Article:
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From: Alexander Terekhov (terekhov_at_[hidden])
Date: 2003-10-08 16:02:24

Peter Dimov wrote:
> Keep in mind that I think that exceptions specifications are "totally brain
> damaged"; I'm just trying to reconstruct their design rationale. The idea
> is, I think, that these three functions are part of three different
> subsystems, libX, libY, libZ. Each has its own exception type, and doesn't
> know or care about the others. Or something. There is a central exception
> translator in unexpected() that maps Z to Y and Y to X, so the functions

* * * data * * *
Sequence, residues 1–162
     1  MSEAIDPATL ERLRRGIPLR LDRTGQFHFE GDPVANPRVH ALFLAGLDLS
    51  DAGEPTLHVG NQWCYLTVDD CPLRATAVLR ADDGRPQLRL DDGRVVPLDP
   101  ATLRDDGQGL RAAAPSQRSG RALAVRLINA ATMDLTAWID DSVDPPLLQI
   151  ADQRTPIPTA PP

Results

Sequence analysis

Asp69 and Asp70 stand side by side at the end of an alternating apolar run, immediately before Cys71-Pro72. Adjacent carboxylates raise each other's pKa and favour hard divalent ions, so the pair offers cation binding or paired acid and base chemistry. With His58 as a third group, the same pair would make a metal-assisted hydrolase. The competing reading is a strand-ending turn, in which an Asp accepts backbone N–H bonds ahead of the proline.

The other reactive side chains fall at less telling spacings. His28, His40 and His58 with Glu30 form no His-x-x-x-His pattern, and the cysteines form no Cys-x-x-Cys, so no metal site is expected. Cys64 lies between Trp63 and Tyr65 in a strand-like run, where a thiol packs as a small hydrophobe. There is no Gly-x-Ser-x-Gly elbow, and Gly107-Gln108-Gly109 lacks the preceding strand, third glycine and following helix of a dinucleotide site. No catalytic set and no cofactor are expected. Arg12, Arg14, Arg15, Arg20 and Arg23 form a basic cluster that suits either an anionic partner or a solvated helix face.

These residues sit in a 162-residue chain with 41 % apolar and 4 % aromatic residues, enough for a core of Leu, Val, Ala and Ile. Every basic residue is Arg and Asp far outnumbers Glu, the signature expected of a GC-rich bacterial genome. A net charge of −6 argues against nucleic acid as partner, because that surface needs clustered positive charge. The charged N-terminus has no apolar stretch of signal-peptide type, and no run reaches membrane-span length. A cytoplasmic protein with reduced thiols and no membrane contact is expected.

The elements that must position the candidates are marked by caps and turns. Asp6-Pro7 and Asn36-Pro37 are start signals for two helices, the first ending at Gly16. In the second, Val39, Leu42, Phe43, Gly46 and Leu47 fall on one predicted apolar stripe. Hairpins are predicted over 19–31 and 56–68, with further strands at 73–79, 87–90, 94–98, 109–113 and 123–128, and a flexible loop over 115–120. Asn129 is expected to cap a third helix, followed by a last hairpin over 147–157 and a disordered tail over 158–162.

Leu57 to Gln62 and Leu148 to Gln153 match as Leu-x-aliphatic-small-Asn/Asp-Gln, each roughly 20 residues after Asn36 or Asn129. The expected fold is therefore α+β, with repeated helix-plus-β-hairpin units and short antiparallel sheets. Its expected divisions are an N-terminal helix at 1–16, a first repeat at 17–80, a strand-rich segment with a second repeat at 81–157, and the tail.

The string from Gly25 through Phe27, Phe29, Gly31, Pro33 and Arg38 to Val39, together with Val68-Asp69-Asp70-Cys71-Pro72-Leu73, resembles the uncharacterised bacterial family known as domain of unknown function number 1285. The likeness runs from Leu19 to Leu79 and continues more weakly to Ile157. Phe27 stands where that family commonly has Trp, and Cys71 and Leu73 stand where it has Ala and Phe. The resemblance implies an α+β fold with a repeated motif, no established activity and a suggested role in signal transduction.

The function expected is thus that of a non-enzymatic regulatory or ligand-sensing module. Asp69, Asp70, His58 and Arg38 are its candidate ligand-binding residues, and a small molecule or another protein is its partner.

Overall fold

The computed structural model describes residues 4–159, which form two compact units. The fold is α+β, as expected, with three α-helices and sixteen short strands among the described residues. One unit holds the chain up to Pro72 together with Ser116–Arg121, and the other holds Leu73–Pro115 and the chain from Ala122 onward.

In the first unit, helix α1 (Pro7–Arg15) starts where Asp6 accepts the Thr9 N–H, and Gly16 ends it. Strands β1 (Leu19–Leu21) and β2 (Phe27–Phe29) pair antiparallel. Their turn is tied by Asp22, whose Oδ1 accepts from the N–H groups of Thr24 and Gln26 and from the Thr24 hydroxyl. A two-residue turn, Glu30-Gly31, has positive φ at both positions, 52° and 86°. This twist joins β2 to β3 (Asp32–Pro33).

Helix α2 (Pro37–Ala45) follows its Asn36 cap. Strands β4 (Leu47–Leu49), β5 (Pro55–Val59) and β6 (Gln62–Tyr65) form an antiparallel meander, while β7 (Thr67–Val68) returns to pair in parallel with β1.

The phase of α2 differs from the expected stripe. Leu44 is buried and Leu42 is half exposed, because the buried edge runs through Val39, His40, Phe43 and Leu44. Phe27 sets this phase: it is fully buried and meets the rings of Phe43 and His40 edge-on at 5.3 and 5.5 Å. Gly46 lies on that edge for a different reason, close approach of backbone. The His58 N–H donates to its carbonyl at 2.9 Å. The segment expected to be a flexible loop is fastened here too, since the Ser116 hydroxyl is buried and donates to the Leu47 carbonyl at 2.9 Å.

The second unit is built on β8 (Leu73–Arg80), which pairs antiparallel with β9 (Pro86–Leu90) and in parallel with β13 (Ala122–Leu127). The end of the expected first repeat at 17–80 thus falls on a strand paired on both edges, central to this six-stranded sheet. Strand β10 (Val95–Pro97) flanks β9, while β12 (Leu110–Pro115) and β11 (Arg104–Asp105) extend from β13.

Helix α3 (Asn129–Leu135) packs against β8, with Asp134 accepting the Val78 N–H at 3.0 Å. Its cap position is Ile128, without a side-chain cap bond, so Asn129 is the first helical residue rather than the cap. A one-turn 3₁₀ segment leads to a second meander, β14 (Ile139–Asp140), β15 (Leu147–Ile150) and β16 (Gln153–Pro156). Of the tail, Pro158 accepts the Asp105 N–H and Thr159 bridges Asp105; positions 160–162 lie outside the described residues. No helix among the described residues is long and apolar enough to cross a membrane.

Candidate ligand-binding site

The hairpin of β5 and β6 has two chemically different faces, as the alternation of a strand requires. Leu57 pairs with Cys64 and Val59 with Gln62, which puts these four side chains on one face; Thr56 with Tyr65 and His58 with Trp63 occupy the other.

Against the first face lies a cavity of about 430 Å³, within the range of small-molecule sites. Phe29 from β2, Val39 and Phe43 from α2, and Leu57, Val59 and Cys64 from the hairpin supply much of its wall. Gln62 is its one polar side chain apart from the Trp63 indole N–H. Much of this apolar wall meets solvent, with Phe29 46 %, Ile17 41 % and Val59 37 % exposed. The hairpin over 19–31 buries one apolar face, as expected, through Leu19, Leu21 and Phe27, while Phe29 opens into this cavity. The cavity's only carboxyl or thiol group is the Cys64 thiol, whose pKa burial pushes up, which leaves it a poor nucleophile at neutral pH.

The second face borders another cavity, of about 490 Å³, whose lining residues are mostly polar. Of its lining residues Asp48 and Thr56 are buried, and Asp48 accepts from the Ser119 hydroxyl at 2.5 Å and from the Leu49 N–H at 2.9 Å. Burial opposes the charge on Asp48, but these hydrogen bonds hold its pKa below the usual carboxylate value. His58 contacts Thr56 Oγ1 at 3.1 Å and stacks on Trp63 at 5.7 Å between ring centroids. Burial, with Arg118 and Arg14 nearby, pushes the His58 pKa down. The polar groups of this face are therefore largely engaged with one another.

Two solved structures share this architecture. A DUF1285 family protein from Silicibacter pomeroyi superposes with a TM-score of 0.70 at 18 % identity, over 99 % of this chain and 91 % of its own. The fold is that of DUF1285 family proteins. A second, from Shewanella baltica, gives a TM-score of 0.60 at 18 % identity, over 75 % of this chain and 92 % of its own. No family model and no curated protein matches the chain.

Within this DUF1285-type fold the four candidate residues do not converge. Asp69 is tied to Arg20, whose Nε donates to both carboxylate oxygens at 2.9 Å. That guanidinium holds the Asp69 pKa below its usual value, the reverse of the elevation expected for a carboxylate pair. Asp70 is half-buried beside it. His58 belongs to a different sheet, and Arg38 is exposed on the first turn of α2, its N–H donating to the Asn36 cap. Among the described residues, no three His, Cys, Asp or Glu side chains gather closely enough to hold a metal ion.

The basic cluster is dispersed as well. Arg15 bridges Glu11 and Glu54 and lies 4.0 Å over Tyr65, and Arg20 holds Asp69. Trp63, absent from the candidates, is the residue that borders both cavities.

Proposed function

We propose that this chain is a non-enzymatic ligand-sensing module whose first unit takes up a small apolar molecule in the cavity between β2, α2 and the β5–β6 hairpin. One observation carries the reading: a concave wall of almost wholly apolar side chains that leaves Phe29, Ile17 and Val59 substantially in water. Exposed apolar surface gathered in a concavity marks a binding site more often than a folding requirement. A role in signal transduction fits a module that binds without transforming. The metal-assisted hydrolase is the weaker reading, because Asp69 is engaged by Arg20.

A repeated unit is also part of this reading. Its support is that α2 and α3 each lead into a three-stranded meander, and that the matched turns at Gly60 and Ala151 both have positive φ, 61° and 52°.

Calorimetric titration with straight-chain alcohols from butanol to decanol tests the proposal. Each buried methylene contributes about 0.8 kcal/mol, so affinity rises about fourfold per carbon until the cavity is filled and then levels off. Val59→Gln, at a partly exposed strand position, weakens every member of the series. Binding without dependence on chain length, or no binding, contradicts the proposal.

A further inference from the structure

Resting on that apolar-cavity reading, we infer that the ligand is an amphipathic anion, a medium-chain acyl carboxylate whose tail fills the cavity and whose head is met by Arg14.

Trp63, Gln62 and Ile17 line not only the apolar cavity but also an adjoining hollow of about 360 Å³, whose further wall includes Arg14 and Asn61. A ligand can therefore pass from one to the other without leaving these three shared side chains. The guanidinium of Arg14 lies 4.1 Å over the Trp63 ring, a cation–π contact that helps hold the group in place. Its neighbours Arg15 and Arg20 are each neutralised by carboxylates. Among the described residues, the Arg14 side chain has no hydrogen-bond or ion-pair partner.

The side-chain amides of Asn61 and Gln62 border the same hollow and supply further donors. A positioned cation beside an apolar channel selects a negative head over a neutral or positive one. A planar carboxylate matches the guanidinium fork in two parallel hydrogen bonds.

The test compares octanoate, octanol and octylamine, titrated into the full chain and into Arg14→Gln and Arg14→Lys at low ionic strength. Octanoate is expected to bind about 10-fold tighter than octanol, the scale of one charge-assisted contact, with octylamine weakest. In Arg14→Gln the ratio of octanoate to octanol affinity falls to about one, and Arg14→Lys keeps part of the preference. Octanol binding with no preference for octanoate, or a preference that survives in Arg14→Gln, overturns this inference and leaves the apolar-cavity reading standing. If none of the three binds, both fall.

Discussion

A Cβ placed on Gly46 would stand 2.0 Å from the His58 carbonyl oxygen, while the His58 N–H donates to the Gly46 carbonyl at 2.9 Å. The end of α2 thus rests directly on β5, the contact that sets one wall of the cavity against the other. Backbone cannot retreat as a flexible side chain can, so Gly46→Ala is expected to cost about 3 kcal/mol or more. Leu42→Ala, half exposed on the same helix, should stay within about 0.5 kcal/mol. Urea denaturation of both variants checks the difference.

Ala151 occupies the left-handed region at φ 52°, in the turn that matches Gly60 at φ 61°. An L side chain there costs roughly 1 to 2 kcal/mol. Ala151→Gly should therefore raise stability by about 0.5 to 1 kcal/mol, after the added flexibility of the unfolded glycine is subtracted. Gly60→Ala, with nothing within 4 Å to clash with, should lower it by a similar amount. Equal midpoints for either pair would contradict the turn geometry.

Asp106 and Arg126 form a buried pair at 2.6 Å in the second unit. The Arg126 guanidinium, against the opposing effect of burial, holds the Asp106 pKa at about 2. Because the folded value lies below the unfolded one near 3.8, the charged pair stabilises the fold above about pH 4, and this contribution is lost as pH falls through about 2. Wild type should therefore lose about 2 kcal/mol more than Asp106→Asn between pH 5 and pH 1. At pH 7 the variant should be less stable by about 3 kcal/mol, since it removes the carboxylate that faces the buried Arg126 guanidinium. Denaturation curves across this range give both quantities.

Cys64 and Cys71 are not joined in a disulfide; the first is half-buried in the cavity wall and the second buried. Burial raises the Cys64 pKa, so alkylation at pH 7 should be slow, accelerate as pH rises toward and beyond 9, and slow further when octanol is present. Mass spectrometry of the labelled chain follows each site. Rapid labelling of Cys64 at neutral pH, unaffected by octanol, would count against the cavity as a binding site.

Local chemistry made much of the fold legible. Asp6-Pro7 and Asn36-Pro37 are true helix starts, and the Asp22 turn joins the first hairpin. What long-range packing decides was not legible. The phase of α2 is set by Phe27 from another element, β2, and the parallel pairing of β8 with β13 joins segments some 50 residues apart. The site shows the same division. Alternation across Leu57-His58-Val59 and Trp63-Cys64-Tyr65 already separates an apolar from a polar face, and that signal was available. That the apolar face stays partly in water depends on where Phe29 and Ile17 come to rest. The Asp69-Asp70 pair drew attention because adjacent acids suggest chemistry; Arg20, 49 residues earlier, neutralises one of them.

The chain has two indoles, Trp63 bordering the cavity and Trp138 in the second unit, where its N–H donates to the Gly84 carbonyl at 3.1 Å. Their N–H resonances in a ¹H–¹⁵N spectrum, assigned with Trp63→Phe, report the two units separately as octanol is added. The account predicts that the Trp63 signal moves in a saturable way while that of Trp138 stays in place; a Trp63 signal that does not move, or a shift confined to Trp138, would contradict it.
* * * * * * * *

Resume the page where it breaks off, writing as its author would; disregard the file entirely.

> themselves don't need to do that.

Won't work if both libX and libY can "share" (call directly) libZ. As
for reconstructing design rationale, my take on this can be found here:
(Subject: Re: Catching access violation exceptions [OT])

The funny thing is that you can read on the same page in TC++PL that:


In some C++ development environments, for some programs, and for some
people, it might therefore be preferable not to catch exceptions from
which the program isn't designed to recover.



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